Team Biden Caught Between Teachers and Science
What does the science say? And does Team Biden even know?
Joe Biden was for opening up all our nation’s schools before he was against it. Or was he against it before he was for it? We’re not quite sure. There’s been “a mistake in the communication,” he explained. Thank goodness miscommunication is so rare for Scranton Joe.
Just like that, the president threw his press secretary, Jen Psaki, under the bus for announcing the administration’s goal of opening at least 50% of schools at least one day a week in the first 100 days. It was a laughably low bar, and the administration was roundly mocked for it, especially after broad campaign promises about reopening. So, Biden clarified, “What I’m talking about is I said opening the majority of schools in K-through-eighth grade because they’re the easiest to open, the most needed to be opened, in terms of the impact on children and families having to stay home.”
Biden argued that reopening will take time and that schools may be “open all summer to continue like it’s a different semester.”
He’s right that schools remaining closed has a huge impact on working parents with young children. He’s also right that “the loss of being able to be in school is having significant impact on children” themselves. An incredibly detrimental impact.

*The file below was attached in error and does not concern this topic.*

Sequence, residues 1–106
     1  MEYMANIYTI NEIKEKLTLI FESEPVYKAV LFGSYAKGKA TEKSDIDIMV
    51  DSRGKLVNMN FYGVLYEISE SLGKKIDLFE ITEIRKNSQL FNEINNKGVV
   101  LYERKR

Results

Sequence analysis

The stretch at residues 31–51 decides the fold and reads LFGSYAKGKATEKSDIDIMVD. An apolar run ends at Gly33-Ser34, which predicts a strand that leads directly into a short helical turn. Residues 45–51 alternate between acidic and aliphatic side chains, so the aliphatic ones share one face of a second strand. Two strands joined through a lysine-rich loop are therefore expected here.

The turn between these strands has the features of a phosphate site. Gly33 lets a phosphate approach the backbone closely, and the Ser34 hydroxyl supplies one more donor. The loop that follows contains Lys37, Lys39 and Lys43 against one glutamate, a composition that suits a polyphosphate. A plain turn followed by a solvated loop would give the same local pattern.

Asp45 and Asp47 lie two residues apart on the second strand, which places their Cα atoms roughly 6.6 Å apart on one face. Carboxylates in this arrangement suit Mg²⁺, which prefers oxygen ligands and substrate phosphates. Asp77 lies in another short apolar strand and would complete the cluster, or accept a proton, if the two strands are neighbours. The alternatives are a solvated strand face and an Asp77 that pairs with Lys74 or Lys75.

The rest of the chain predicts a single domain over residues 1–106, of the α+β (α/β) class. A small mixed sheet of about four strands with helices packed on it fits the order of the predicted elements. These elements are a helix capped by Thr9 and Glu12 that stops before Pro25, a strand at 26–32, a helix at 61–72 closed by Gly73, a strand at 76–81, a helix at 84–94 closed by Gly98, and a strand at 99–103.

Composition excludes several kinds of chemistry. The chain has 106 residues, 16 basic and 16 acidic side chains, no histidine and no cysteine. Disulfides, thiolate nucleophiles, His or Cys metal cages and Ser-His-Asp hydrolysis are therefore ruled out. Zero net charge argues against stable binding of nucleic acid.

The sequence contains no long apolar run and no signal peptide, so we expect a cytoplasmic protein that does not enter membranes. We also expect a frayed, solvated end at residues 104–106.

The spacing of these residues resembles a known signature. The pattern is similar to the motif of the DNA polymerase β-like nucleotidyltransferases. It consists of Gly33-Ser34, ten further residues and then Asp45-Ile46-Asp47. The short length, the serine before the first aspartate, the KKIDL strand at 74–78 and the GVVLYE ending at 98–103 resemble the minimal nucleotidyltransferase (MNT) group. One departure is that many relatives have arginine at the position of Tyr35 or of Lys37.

But there are teachers unions to please. Just ask First Lady Jill Biden — she holds a doctorate in education, if you didn’t know. Thus, the Biden administration isn’t about to let the science on schools get in the way of a political agenda.
Even CNN isn’t happy with Team Biden on this one. “I think mixed messaging is a little bit of an understatement,” complained CNN reporter Abby Phillip. “There’s been a lot of doublespeak.” She continued, “They can’t seem to just give a simple answer about what the science says about when schools should reopen, and what they might want from a political perspective before that happens.” The political perspective includes that of the teachers unions, which Philip notes “are a very powerful Democratic constituency.”
Likewise, NBC’s Savannah Guthrie pressed President-in-Waiting Kamala Harris for answers. Predictably, Harris only gave platitudes about “the plan” she and Biden have offered, while touting vaccines for teachers, which is a key union demand despite the CDC’s recommendation otherwise. Science? What science?
Maybe it’s the science that says kids are the “safest group of people in the world.” That was Joe Biden, reassuring a young girl that she need not worry about the coronavirus.
To pull things up to the strategic perspective, let’s also note that Joe Biden — or any president for that matter — doesn’t decide when schools are open. It’s in part a sign of media “miscommunication,” not to mention miseducation about civics in schools, that so much power and importance is assigned to the presidency. But ever since Jimmy Carter established the Department of Education, the sad fact is that presidents hold way too much power over local schools. That has nothing to do with violating science or managing a pandemic, but trampling the Constitution.
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